Monday, May 20, 2013


I thought I'd take a step back and post something should have been posted much, much sooner, but never really made it due to tasks with higher priority... This is a post about the things that have inspired me throughout this project, from the very beginning to the end. I never made a moodboard or set out to collect inspiration references when I first designed Adore; instead I just channelled all of the things I love into a game. This post outlines some of those things, and explains how they've influenced my work.

The Moomins
I've grown up with the Moomins. I think Tove Jansson's extraordinary stories are in the back of my mind every time I'm given creative freedom, and this is particularly obvious in Adore.

What I love the most about her stories is how they appeal to every age group, and I wanted my world and characters to do the same. As a child, you love the Moomins for the amazing adventures. When you're older you read them for the deep and surprisingly human characters, the melancholic undertones and the social commentaries. While my prototype doesn't exactly touch on any huge philosophical questions, I could see the actual game subtly dealing with separation issues, fear and the challenge of stepping outside of your comfort zone.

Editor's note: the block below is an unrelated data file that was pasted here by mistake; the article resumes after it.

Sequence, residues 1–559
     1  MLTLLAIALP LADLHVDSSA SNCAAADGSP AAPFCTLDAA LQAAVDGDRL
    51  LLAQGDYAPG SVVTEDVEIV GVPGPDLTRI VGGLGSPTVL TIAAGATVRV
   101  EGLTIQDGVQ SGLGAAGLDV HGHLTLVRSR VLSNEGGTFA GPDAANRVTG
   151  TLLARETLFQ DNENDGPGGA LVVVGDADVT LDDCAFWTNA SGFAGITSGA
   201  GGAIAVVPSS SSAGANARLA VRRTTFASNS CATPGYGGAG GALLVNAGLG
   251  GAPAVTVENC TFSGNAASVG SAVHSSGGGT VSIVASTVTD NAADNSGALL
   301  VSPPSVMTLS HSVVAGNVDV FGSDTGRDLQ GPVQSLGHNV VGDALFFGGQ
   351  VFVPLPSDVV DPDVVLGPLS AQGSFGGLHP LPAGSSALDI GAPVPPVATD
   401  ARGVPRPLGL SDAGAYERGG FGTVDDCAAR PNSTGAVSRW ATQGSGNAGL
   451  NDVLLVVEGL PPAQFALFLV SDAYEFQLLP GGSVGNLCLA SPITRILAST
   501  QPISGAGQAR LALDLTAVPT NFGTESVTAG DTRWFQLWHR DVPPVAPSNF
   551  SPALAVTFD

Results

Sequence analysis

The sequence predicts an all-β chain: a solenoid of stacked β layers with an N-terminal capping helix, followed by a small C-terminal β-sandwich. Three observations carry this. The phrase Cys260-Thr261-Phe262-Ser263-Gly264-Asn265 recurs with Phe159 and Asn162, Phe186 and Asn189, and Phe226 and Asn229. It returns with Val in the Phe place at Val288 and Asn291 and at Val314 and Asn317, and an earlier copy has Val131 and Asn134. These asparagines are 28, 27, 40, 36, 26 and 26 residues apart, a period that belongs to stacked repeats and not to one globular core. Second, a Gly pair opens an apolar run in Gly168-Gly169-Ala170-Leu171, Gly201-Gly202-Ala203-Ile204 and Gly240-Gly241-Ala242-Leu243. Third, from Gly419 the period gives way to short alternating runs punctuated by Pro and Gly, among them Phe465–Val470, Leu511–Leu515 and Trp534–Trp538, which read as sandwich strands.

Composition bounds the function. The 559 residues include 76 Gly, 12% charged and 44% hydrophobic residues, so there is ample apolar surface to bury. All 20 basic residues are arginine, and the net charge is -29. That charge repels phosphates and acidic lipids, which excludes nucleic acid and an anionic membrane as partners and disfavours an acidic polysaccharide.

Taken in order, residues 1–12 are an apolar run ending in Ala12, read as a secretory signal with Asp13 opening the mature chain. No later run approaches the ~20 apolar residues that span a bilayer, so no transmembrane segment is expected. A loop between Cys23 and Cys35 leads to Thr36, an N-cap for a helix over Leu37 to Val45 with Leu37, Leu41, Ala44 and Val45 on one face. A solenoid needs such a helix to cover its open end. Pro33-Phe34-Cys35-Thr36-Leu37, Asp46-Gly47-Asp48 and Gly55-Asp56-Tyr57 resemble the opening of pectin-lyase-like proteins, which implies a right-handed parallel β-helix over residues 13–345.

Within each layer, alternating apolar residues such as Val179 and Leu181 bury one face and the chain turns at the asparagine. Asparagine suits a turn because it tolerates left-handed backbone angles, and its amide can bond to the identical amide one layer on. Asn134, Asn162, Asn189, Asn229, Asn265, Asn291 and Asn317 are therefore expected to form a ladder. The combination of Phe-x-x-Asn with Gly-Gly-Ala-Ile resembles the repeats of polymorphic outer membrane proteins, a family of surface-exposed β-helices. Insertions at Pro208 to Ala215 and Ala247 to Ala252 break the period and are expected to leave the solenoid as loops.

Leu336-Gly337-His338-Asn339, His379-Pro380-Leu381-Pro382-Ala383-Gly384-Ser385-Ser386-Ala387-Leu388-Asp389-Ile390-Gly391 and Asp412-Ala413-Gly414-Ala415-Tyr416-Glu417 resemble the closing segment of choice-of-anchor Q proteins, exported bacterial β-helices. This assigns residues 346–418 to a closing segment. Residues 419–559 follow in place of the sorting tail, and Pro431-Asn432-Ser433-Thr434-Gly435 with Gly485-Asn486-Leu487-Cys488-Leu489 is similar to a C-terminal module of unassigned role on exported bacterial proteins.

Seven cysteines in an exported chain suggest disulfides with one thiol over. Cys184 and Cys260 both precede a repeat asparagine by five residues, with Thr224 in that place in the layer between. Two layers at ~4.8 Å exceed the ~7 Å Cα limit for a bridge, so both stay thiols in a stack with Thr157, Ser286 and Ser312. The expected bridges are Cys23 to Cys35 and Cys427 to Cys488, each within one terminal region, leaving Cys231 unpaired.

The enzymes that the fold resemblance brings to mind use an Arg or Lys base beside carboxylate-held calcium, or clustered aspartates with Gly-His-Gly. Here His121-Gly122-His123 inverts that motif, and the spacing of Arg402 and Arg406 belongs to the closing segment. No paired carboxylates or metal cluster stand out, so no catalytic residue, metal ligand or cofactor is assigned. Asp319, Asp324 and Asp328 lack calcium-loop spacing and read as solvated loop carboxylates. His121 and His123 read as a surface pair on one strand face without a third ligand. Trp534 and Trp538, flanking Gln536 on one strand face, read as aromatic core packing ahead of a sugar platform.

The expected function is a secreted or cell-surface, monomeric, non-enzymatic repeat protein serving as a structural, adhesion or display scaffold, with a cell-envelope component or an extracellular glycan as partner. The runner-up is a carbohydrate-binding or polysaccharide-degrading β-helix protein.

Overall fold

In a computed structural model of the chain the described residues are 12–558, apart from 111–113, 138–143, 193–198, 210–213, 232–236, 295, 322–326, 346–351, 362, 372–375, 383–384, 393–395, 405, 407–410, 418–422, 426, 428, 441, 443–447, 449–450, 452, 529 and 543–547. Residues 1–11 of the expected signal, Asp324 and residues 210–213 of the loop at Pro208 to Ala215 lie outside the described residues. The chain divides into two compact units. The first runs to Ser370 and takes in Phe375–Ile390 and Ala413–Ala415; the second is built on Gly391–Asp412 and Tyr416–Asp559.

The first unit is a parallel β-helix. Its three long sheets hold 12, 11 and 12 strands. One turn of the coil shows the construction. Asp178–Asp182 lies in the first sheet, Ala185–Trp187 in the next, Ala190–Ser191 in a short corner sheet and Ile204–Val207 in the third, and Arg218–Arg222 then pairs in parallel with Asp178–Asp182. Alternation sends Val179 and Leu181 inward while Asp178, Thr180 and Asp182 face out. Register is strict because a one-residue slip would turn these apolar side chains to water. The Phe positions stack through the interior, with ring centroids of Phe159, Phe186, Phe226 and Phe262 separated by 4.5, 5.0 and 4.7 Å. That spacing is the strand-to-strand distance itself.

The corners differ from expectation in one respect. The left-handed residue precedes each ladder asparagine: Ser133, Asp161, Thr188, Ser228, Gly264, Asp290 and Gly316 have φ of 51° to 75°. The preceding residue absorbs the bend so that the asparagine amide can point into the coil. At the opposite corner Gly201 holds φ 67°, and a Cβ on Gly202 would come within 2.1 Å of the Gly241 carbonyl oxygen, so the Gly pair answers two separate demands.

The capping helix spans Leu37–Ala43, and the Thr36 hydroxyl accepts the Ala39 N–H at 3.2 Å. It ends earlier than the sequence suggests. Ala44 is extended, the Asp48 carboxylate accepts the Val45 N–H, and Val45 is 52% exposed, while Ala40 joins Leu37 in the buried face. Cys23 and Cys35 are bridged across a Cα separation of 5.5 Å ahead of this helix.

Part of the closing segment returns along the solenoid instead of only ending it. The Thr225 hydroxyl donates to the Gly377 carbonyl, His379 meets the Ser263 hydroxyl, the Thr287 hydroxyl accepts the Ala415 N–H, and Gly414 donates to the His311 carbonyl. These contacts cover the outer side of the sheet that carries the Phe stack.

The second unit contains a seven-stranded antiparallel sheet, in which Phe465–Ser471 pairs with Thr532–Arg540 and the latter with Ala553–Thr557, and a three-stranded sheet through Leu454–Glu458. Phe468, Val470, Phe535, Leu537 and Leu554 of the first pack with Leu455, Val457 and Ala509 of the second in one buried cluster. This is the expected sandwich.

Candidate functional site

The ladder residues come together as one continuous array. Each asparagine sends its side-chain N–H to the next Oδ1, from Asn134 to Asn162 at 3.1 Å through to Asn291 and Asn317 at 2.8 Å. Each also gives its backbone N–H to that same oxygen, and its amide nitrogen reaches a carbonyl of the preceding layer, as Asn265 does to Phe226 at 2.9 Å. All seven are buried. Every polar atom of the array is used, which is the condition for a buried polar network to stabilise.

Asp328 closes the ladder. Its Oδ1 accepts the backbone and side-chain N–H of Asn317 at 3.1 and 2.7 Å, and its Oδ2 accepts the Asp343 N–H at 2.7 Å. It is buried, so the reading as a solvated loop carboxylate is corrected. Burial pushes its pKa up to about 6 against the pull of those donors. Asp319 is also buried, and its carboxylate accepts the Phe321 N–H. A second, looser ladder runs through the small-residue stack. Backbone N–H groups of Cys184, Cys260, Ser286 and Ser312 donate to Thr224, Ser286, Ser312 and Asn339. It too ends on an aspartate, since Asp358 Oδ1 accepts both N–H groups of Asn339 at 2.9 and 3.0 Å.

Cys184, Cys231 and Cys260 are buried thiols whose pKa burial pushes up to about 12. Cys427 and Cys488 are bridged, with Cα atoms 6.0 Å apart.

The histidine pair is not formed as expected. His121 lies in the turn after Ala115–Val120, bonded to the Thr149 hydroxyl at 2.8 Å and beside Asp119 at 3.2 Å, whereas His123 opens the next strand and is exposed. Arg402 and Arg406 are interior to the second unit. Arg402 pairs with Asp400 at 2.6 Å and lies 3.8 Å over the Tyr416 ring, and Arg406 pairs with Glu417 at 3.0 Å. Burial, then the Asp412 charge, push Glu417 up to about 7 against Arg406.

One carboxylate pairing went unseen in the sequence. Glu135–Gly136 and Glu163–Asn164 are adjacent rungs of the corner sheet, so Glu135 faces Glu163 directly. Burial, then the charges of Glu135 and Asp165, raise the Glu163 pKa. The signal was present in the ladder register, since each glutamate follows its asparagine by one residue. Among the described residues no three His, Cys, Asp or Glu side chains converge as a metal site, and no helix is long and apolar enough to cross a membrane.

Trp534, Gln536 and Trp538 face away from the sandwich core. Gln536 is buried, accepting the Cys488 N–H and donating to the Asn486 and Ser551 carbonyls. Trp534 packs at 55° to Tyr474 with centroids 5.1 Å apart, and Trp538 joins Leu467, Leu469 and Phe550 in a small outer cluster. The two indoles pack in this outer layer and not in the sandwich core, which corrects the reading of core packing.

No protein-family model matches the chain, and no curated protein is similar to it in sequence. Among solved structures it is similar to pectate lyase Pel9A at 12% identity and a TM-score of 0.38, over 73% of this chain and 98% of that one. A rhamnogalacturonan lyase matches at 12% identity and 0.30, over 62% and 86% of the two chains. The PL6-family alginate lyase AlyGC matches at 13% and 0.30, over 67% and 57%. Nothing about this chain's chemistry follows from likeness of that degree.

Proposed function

I also love how Tove Jansson brings in lots of everyday items into a completely made-up fantasy world, because they make it incredibly easy to relate to the characters. Moominmammas purse becomes the very source of security and home, and Hemulens glasses, long robes and magnifying glass all reinforce his obsessive, dry disposition. This is echoed in the image of Otis and Fawn on the hill, where they sit next to a picnic basket with wine and cheese, and in the beach image, in which I gave Otis a pair of striped swimming trunks. None of them wear clothes in other images, but being able to bring in recognisable objects can help convey a certain mood. As an added bonus it's also quite cute and silly.
Overall I've tried to channel my own take on the Moomins' quirky loveliness and charm into Adore. It might not show in my little prototype, but I'd like to think that I have created a world with room to explore more than just pretty graphics and neat mechanics.  

Amanita Design
When it comes to inspirational studios, Aminata Design truly stands out. Machinarium is one of those games that seem to have it all; bucketloads of charm, beautiful graphics, brilliant puzzles... I've always loved playing point-and-click games, but Machinarium made me want to make my own. If Adore makes it to full production, "Machinarium-quality" will be the benchmark. Aim for the stars, right?!

I haven't played Botanicula, but the trailers look fantastic. The audio design in particular is something I just want to rip out and put in Adore; the character noises, the music... It's perfection, and definitely served as inspiration as I was scavenging the web for character audio. (It also made me despair quite a bit, since it's pretty much impossible to hunt down the type of audio I was after. Oh well.)